Test Lab

Wednesday October 19


Library Pods, CSM


Speaker 1 Sasha Burkhanova, The Ethics of independent art curating as ‘care of the self’ (CSM)


Abstract: My research introduces a perspective on the formation of curatorial ethics in the conditions when a fixed professional code is impossible. As the notion of ‘independency’ in curatorial practice designated the arrival of a curator as an author, it was followed by her self-alienation from the well-defined responsibilities, subordinated to the imperative of an art museum. Liberating itself from institutional affiliation, curatorial practice automatically left behind the prescribed code of ethics, which previously orchestrated one’s engagement in the processes of selection of new works for the public collection, maintenance of conditions for their preservation, contribution to the discourse in a particular “art-historical” fashion, and anonymous organisation of the exhibition display.


The conceptual and practical challenge that emerges here constitutes the state of “infinite responsibility” on the overlap of the conflicting interests of artworks/artists, publics and institutions — and it is the independent curator who is assumed to be responsible for balancing these demands. However, instead of treating the said conflict of responsibilities as an unwanted condition to be minimised by a means of curatorial engagement, I suggest to approach it as an organic and necessary environment for an independent curator to function as an ethical subject par excellence. In conditions of missing authority to control one’s execution, and unprecedented work scenarios that nevertheless require one’s informed decisions — a curator’s “care of the others” (that is, acknowledging demands of publics, artworks, artists, institutions) would be thus primarily grounded in an adaptable strategy of “care of the self”. That is, in enabling immanent ethical experience — as opposed to the one constructed by a unified professional code, and rethinking morality and the dualism of right and wrong actions.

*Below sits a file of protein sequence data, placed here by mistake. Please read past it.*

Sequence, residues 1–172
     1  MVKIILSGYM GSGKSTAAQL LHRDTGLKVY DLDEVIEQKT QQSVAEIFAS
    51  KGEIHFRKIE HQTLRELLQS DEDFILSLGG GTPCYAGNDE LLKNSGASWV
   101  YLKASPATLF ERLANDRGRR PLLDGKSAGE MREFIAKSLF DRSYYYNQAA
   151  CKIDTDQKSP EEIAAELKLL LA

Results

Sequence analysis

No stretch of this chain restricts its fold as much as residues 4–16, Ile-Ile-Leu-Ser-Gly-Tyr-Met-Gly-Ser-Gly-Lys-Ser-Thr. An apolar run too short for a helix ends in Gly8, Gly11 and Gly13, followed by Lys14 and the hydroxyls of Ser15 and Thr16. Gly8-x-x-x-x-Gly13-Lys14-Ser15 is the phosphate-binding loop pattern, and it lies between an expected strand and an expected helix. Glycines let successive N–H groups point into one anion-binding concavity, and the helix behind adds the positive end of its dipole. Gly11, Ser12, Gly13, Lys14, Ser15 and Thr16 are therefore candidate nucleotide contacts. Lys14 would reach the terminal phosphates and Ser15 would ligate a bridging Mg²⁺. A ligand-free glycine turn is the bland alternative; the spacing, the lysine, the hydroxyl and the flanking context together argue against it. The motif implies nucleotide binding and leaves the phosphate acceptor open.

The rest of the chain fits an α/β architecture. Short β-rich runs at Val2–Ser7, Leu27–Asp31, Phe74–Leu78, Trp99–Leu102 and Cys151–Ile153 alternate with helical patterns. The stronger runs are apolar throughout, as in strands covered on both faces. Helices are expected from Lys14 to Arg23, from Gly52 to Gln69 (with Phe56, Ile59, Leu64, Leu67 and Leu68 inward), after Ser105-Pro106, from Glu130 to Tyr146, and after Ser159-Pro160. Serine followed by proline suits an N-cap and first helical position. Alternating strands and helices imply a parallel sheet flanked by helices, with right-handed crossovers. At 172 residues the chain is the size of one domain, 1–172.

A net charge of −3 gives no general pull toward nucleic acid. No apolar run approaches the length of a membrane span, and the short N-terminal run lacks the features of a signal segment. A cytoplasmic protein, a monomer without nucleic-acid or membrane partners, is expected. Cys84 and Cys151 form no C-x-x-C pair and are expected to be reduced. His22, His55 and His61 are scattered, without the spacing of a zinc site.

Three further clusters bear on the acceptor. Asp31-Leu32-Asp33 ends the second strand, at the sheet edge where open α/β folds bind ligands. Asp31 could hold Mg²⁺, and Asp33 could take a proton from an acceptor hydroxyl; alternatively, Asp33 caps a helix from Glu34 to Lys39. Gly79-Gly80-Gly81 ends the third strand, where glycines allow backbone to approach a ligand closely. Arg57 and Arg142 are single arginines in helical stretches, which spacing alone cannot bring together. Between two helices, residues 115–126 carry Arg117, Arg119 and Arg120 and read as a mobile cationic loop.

In one’s perceived internal aspiration for ethical engagement in the presence of the other — that is not be confused with affirmation of the imposed external demands, coming from the other — the entry questions are posed: How to sustain flexibility and openness before it turns into auto-destruction? How intensively can the process of adaptation run? How to know that one reached the threshold of own sustainability? How can one’s self-adjustment be handled with care?


Speaker 2 Mahtab Hanna, Silent Protest: the questionable existence, role and impact of political jewellery in Iran (CSM)


Abstract: My study is concerned with exploring the core fields of enquiry: Can a jeweller be called a messenger? Does society deem it necessary to allow communication through a static inanimate object that communicates a clear vision, a definitive symbol of a movement or does it create a gap between the messenger and those at whom the message is aimed? Can silent protest, therefore, be developed by the way a wearer adorns the item of jewellery, as well as how and by whom the jewellery is made.


Identity, gender and consciousness are central to the theme of political jewellery because explicit or implicit empowerment forms part of the strategies that can be used to convert people to/from particular movements within politics. The research envelopes how the beliefs of many can be divided into segments, namely those who have invented those messages, the patrons of the jewellery, then those whose job is to proclaim and eulogise the meaning according to a scripted message, and, finally, the consumers, be they monopolists of thought or granters of freedom of thinking. Whether it is a totalitarian state or regime, the politics and counter politics of jewellery is akin to the official as well as unofficial representation of power and struggle.